ReUsing Old Clothes
Formatted, Printed and Distributed by the Environmental
Task Force of Unitarian Universalists for Social Justice
1448 E. 52nd St., Box 144, Chicago, IL 60615
uusj@att.netwww.UUsforSocialJustice.org

The Environmental Protection Agency estimates that textiles make up approximately five percent of landfills. However, the large majority of textiles are reuseable.

Reuse in-house – You might cut tattered or torn jeans to make a great pair of shorts, or patch them with colorful or patterned fabric. Disguise stains by embroidering or appliqueing a design over the top. If a task seems too daunting for the do-it-yourself approach, contact your local shoe repair or alteration shop. They may be able to resole that once-perfect pair of boots, fix a stubborn zipper, or otherwise salvage an article of clothing.

Sell – Clothes that are clean and in good condition but no longer fit or have been hanging untouched in your closet are prime candidates for consignment shops. Consignment shops display your old clothes and give you’re a pre-determined fraction of the sale price (usually between 30 and 50 percent) once your item sells. It’s an easy way to recycle and may even earn you a few dollars. When dealing with consignment stores, it’s always a good deal to call ahead. Some only accept specific items, seasons, and sizes, or require an appointment. If the item is particularly valuable, you may be able to sell it on e-bay.com or shopgoodwill.com.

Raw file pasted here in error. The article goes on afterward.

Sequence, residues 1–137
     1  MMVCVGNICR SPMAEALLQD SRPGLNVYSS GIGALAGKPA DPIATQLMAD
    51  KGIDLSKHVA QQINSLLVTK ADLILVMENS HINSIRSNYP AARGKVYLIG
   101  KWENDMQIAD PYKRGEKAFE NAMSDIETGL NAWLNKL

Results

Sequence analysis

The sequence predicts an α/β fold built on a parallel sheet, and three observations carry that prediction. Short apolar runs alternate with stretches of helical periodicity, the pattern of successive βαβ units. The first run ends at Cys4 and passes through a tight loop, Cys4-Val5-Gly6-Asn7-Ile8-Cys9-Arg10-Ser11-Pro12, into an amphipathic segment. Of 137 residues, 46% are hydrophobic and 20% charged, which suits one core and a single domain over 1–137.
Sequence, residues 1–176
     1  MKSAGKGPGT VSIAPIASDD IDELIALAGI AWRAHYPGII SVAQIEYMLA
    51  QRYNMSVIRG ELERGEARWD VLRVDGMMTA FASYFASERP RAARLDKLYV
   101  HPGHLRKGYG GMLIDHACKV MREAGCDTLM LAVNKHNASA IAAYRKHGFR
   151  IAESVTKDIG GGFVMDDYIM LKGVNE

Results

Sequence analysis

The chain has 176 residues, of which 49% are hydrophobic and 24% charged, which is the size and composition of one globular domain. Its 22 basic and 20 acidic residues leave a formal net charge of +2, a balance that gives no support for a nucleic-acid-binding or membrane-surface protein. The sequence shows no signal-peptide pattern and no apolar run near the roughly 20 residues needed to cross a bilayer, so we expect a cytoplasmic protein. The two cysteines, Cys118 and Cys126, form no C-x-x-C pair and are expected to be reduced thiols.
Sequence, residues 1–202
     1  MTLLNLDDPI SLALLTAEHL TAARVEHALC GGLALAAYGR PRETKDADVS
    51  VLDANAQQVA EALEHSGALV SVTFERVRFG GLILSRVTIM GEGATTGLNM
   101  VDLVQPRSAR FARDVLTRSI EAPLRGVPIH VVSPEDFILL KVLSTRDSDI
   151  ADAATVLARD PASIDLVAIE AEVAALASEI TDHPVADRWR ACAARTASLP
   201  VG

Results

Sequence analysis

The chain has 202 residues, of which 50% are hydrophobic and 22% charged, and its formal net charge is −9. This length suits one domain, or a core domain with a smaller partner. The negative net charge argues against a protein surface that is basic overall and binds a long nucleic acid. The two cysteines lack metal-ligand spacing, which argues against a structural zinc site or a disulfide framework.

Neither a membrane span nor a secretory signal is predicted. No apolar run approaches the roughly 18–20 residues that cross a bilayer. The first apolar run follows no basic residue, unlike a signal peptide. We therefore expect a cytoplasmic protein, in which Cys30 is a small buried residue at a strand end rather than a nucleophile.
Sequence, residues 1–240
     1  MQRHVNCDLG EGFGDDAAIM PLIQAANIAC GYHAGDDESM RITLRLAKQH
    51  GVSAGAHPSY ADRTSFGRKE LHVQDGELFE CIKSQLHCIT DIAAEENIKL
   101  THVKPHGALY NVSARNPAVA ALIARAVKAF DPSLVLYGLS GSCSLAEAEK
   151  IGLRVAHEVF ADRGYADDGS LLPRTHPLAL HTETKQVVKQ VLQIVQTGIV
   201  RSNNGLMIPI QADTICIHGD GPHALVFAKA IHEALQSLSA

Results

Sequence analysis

Donate useable clothing– Clothing may be donated to a charity that operates a resale shop(s). Goodwill is the best known, with roughly 2,000 resale shops. Clothing that does not have a market in the U.S. may be sold in poorer countries.
Many homeless shelters are happy to receive clothing donations, particularly during the winter months. Before heading over, call the shelter to find out if your old clothes would be helpful. There are also clothing pantries, which allow the poor to take used clothing for free.
A willing recipient of business attire is Jobs for Youth, a Chicago-based organization that aims to help young women and men from low-income backgrounds integrate into the business world. They appreciate donations of both men’s and women’s business clothing. Jobs for Youth, 50 E. Washington St., Ste. 400, Chicago IL 60602 (312) 499-4778
info@jfychicago.org www.jfychicago.org
One World Running, a Colorado non-profit, sends still-wearable running shoes and soccer gear, and also baseball equipment, to athletes in Central America, Haiti, and sub-Saharan Africa. Requires shipment to Colorado. See: www.boulder-running.com/oneworldrunning/shoedrop.php

Too worn to wear - Athletic shoes that are no longer in wearable condition may be donated to Nike’s Reuse-A-Shoe Program, a project that grinds up and recycles athletic shoe material to build playground mats, basketball courts, and running tracks. For a drop-off site near you go to:
http://www.nike.com/nikebiz/nikebiz.jhtml?page=27&cat=reuseashoe&subcat=us-dropoff#
Other unsalvageable items can be cut into rags for use around your house or church/house of worship.
Many large charities, like Goodwill, will sell unwearable clothing to textile recycling centers (which generally do not accept donations from individuals).

These highlights come from an article printed by Co-op America